E-Fracs Hold Promise But Do Not Appear Appealing to Industry
As WTI crude price stayed below the $60 per barrel mark for the last few months, exploration and production companies are looking for ways to slash production costs in order to boost profits. There’s a path for these upstream companies to significantly increase savings using the E-Frac technology. Moreover, this technology can be a remedy for their environmental concerns, enabling these companies to reduce emissions. Still, this huge opportunity is being swiftly avoided by drillers.
What is E-Frac?
Electric fracking, popularly known as E-Frac, uses natural gas that comes as a by-product of crude oil in the process of generating electricity. This electricity is used to run frac fleets at drilling sites. This way of drilling is better than the conventional diesel-operated fracs as it creates less noise, fixes the problem of flaring, reduces air pollution through lower emissions than diesel fracs and saves diesel costs. Notably, E-Fracs can reduce the cost of fracking in a well by $350,000 from $6-$8 million standard cost per well.
Markedly, heavyweights like EOG Resources, Inc. EOG, Exxon Mobil Corporation XOM, Royal Dutch Shell plc RDS.A are slowly adopting this technology. Wide application of the technology can help drillers save millions of dollars per annum, in turn boosting margins and profits.
However, E-Frac technology is not that popular at drilling sites.
What is Holding It Back?
The cost of building an E-Frac fleet is much higher than the conventional diesel-powered fleet. As oilfield service providers are currently struggling to keep up profit levels, they are laying off staff and idling equipment to boost margins. Notably, since April, the number of active fleets in the United States has declined nearly 19% to around 390, per Reuters. Moreover, slashing of capital budgets by upstream companies, since investors are more focused on returns than hydrocarbon production, has put oilfield service providers in a tough spot. Hence, amid the current unfavourable business scenario, adopting a new technology — which can cost oil equipment suppliers almost double the amount required to build a conventional frac-fleet — is anything but economical.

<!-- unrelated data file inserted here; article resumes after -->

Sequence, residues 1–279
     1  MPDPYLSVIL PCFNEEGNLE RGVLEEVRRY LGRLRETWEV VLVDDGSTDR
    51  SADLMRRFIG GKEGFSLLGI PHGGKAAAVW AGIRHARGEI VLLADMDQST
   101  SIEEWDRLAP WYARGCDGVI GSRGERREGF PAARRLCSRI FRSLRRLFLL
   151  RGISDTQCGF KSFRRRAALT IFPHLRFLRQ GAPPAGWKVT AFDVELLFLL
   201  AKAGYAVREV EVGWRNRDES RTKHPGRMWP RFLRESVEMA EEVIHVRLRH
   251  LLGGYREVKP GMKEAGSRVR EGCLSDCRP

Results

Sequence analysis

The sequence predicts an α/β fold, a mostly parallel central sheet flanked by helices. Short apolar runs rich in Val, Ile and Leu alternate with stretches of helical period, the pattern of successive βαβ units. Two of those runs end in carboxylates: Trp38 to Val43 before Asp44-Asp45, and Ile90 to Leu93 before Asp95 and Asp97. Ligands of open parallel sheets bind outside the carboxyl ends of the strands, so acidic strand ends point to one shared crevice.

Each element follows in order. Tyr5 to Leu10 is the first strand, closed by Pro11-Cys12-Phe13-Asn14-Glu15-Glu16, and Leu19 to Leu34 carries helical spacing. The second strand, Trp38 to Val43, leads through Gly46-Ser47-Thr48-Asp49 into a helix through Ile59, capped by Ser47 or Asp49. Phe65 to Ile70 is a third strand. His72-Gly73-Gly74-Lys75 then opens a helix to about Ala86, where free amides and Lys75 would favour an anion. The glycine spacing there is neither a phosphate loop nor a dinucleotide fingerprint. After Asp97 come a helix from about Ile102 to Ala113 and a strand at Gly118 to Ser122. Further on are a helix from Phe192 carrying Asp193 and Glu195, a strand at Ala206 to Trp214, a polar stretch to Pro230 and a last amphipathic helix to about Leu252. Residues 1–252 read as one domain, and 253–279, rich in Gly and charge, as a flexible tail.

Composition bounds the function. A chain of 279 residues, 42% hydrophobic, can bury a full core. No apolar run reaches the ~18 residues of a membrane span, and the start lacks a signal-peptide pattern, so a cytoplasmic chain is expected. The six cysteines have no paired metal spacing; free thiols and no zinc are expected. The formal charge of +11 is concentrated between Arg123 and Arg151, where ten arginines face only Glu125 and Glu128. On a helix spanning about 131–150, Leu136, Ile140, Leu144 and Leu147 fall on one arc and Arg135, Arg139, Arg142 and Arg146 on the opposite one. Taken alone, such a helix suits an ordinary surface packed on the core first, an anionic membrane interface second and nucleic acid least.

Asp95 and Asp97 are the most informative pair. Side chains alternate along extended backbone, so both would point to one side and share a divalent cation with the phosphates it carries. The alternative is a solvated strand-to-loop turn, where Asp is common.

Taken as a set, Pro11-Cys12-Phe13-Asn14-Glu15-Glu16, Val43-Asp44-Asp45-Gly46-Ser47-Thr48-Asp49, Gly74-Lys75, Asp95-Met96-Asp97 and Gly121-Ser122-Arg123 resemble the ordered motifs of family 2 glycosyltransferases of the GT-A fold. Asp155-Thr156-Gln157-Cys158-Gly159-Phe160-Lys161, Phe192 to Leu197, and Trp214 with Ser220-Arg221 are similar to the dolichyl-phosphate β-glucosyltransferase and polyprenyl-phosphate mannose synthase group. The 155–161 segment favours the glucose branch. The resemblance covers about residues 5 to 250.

Oilfield service providers like Halliburton Company HAL, Schlumberger Limited SLB and others, which have been victims of reduced spending by upstream energy companies, have no intention to invest in E-Fracs at present. The cost of conversion of their huge fleet to E-Fracs can result in significantly lower profit levels.
However, Baker Hughes, a GE company BHGE sees gains from this technology. In early 2019, the Zacks Rank #3 (Hold) company debuted its E-Frac gas turbine in the prolific Permian Basin, and estimates huge savings on diesel fuel and maintenance costs per annum as a result of the move. Several small oilfield service providers are also capitalizing on this opportunity by clinching fracking contracts for their small E-Frac fleets. You can see the complete list of today’s Zacks #1 Rank (Strong Buy) stocks here.
Although E-Frac sounds like a smart and efficient investment opportunity, oilfield service providers are currently not in a position to avail the technology. The reduction in capital spending by upstream energy companies will not allow them to adopt this low-cost and environment-friendly fracking system, at least not in the present, extremely volatile, oil-pricing scenario. However, small-scale oil equipment suppliers can reap profits from the current situation via long-term contracts with upstream companies.
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